8) What advice would you give to other aspiring artists?
Find something: a message, a philosophy, a seat of thought, an issue; something you are passionate about. Something you want to live, breathe, and think about all day – and then create a work of art around that passion. Good art takes the time it takes (which is usually a long time) – and if you aren’t passionate about your subject, it can be easier to get discouraged and give up.
9) What upcoming projects can we expect next from you?
The most imminent release is a film that Kelly and I directed on Bill McKibben and 350.org ‘s movement to solve the climate crisis. The film will be used as a mobilzational tool at universities, religious institutions, community centers – anywhere people can get together offline to discuss and find support in combating the climate crisis.
10) What’s next for Northern Bells?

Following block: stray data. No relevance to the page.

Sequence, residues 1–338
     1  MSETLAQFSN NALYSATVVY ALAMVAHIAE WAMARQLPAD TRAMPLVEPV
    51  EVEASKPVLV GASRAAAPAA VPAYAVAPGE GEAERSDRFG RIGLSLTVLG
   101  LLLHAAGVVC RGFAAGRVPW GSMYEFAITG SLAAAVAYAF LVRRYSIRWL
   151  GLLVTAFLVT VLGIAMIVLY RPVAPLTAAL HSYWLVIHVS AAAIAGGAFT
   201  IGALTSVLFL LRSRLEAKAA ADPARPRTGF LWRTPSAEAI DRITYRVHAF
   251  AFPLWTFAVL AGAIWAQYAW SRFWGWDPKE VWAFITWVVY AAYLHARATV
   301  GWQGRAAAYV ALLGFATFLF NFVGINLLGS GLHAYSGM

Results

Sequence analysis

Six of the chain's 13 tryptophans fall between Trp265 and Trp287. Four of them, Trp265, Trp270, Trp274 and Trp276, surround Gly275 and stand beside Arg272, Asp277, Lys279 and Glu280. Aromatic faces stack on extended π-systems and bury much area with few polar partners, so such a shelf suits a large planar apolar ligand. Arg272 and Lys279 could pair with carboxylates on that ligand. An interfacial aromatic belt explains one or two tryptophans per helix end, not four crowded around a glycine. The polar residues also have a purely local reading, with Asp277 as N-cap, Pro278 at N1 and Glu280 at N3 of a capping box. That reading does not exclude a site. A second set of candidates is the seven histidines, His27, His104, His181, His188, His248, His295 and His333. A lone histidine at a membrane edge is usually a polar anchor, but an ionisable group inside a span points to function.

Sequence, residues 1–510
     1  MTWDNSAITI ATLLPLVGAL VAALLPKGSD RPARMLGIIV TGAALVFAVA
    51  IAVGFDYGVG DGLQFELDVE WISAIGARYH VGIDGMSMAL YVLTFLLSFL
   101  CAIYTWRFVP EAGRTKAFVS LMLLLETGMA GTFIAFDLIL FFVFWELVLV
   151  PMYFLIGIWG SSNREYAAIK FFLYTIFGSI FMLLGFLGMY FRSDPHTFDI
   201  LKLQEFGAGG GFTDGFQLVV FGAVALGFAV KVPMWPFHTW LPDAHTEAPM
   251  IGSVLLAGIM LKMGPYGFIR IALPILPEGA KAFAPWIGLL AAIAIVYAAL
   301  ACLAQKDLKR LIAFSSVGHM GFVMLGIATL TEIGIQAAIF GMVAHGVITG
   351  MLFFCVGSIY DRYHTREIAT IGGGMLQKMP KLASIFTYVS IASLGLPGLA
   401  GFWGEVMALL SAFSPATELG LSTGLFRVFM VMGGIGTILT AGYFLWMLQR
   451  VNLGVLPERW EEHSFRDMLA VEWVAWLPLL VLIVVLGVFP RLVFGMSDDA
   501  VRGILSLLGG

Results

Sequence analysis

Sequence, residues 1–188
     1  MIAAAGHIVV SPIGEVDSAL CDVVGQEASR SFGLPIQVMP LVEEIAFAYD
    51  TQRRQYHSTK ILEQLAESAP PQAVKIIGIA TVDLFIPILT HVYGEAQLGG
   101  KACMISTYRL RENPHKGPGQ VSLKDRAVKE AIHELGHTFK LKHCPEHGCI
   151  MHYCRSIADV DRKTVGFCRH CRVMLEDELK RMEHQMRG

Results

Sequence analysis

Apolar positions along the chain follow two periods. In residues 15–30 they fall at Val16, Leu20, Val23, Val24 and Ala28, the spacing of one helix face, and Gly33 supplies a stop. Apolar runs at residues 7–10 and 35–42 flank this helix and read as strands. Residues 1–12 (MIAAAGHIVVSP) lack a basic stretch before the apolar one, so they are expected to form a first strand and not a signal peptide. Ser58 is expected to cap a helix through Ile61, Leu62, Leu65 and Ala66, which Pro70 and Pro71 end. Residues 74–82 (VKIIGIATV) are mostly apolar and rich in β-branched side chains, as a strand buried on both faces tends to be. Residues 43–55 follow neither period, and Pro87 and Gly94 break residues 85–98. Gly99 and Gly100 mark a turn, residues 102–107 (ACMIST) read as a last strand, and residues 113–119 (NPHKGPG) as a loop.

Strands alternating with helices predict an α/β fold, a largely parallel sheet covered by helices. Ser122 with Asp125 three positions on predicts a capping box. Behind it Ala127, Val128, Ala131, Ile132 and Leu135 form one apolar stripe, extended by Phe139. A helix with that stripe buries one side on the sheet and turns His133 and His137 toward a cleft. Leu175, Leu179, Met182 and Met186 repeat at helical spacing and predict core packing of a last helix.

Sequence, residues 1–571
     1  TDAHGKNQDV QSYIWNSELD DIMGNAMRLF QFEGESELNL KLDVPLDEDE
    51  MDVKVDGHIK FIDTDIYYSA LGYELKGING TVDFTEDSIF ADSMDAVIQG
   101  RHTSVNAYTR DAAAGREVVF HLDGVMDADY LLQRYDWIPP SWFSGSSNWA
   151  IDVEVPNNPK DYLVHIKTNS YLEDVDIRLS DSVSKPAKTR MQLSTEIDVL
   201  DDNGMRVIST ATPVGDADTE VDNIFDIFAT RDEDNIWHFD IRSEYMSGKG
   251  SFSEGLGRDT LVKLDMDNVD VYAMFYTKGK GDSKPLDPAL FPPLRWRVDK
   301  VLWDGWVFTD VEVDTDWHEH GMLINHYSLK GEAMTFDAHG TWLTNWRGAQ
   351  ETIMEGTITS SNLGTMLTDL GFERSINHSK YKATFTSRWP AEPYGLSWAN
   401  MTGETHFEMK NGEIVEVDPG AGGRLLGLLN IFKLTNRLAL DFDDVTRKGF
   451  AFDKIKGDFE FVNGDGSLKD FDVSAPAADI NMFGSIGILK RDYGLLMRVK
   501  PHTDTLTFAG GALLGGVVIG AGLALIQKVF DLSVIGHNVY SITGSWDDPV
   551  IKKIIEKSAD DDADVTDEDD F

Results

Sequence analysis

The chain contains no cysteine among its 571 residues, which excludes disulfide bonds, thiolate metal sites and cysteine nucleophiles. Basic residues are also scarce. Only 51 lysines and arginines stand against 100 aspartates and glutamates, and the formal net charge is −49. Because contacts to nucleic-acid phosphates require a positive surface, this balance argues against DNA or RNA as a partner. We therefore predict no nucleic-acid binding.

Another video for the song “Congregation” is in post-production. We will also be recording some new demos for the next record later this month. And of course, regular live shows in NYC/BK. It would be great to go on tour, but the filmmaking makes it hard to get out for too long on the road. That will be my next big challenge: making music and shooting a documentary simultaneously… I actually do have an idea for this one… I’ll let you know when it happens – I much prefer action over words.
Northern Bells debut album “Keep it in the Dark”, is now available on iTunes . To learn more about Scott’s film “The Artificial Leaf”, go to focusforwardfilms.com